""Only a good-for-nothing is not interested in his past." Sigmund Freud"

The great oak trees speak a different history, one in which we can delve, with a little insight and observation and portions of time. As we are sensitive to seasonal changes and aware of light and temperature variations, a visit to the local oak tree aids a distraction from modern life and draws us into unspecified realms in time and space. Like us, and all species, trees have a heritage.

natural history carries a somewhat broader significance beyond the human record and is defined by The Free Dictionary -

The study and description of living things and natural objects, especially their origins, evolution, and relationships to one another. Natural history includes the sciences of zoology, mineralogy, geology, and paleontology.

Friday, 20 January 2017


Cannon Hill Meadow
10.00am January sunburst across the meadow at Cannon Hill. Deep midwinter and mid morning beams stirring the undergrowth.
Brockley Grove

Here I briefly sunbathed with a squirrel as a male Sparrowhawk glides through in hunting mode. The crows stir.

Perhaps it's a youngster as little else seems concerned.

Brockley Grove was once a garden area, between the 1940's and 70's, now it is overgrown and lush, providing good and largely undisturbed cover. 

Badgers abound and the sett is prominent.
Brockley Grove vegetational density
January 20th 2017; a winter's day with frost and blue skies, and enough sunburst to spark the garden and woodland birds into territorial song. 
It's a mixture of dense hawthorn, hazel coppice and regenerating oak scrub, amongst coarse grassland thus providing a rich mix of feeding and shelter opportunity to many birds

Here we hear and see bullfinches abundant together with a variety of other woodland species. 
Brockley Grove scrub, woodland and grassland
The Brockley Oak complete with coding for 'crown reduction'

Today's list included - 
  1. Bullfinch
  2. Blackbird
  3. Nuthatch
  4. Great Spotted Woodpecker
  5. Stock Dove
  6. Magpie
  7. Crow
  8. Blue Tit

The Brockley Oak with winter sun

Saturday, 14 January 2017

Dead Wood - from one blog to another

"the TCV Citizen Science team have been working to produce The Dead Good Deadwood Survey!"

Check this link for an article on dead wood and its benefits to the ecosystem

Dead Wood TCV

Fallen or felled at Holders Woods
Resisting decay - the lying oaks of Holders

Wednesday, 11 January 2017

Highbury Park today - Woodland Wednesday, and Nature Improvement Areas

Over the next few weeks until mid March there will be opportunities to engage with like minded volunteers, interact with nature and contribute to the management of both woodland and grassland, as well as exercising mind and body during Woodland Wednesdays at Highbury Park.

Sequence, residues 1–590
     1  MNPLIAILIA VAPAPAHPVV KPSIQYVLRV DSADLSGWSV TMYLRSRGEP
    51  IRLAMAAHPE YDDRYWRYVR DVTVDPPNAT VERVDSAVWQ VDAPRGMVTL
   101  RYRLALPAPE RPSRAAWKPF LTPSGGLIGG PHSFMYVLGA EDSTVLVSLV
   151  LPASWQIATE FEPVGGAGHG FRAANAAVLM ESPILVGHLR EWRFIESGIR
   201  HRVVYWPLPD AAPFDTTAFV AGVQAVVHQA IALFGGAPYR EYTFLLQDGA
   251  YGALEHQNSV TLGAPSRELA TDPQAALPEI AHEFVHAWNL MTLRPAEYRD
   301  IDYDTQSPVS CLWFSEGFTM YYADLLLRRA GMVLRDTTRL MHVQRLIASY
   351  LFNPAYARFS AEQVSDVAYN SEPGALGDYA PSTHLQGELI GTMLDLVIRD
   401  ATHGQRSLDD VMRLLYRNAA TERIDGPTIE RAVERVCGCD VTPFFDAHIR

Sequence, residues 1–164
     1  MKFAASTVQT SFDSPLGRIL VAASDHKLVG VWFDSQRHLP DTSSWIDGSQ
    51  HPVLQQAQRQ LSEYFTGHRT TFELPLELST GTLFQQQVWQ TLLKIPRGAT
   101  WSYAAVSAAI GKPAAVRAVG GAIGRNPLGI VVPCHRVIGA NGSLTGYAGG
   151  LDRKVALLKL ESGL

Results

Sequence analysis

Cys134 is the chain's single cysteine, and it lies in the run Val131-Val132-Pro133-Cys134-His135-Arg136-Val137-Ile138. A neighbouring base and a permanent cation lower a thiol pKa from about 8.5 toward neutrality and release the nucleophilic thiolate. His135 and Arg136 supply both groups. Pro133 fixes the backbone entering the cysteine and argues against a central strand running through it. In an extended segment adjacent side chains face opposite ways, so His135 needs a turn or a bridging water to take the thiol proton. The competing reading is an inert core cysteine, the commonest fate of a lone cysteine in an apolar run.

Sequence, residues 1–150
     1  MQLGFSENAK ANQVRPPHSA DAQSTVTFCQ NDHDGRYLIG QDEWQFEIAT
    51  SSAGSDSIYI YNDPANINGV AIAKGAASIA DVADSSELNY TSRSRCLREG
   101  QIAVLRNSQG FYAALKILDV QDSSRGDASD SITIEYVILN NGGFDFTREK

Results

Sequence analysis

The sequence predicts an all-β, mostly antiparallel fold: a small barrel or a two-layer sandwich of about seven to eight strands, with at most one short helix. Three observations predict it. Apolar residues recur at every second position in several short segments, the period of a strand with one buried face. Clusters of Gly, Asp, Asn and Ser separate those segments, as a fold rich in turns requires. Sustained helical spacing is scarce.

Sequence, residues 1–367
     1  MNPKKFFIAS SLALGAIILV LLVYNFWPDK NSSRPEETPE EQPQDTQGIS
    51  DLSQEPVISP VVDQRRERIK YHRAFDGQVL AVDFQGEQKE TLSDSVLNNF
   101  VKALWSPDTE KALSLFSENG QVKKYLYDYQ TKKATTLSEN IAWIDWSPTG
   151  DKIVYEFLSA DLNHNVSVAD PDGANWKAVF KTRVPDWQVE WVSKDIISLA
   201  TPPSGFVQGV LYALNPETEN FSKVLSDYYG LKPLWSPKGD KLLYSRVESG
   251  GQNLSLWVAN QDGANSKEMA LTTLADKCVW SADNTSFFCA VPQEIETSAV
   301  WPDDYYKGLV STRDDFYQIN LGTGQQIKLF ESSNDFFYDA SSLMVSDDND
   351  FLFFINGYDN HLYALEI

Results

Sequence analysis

Today we continued coppicing, mostly hazel, and opening up the woodland canopy to allow much needed light to reach the lower levels; our efforts are designed to diversify the woodland plantation, adding layers with new regenerating growth in spring and added wildflowers thanks to Eco Park and NIA.

Coppicing at the Highbury Park plantation
A rather worrying observation led to a discussion regarding the level of bark stripping on 25 year old oaks.

Stripped bark on 20 yaer old oak

It seems that squirrels attack oaks and strip the bark, particularly on trees between the age of 10 and 40 years, and in many cases stripping the bark to ground level, as in this situation at Highbury. The results are not good and difficult to explain in ecological terms, but some accounts suggest occurances are greater when oaks are planted next to mature woodland or near mature individual oaks, as again, in this situation at Highbury.

Most of the oaks in the 28 year old plantation at Highbury Park have squirrel damage to some degree.

Tuesday, 10 January 2017

The Cannon Hill Meadow and signs of spring elsewhere

Signs of spring are upon us, hoorah, at least, if not spring, as it's clearly mid winter, we have signs of rebirth, new beginnings, new life, natural occurrings etc.
"Phenology is the study of the timing of natural events in relation to weather and climate." for more information, check the link below -
Snowdrops showing at Kings Heath Park (10th January 2017)

In the midst of winter with arctic conditions forecast and many species yearning the warmer months ahead, we might gain meagre solace, desiring the coming spring, as we witness plants, such as Winter Flowering Cherry, other Prunus species, snowdrops and camelia, to name a few, already in flower.

Over the next few weeks we can expect many changes in the wild, providing us with hopeful signs, positive thoughts and optimism for the year ahead.
The meadow at Cannon Hill, early January 2017

The meadow is flat and somewhat lifeless at the moment
Many plants are evident as prostrate rosettes, hardy specimens
able to withstand winter temperatures (Knapweed spp)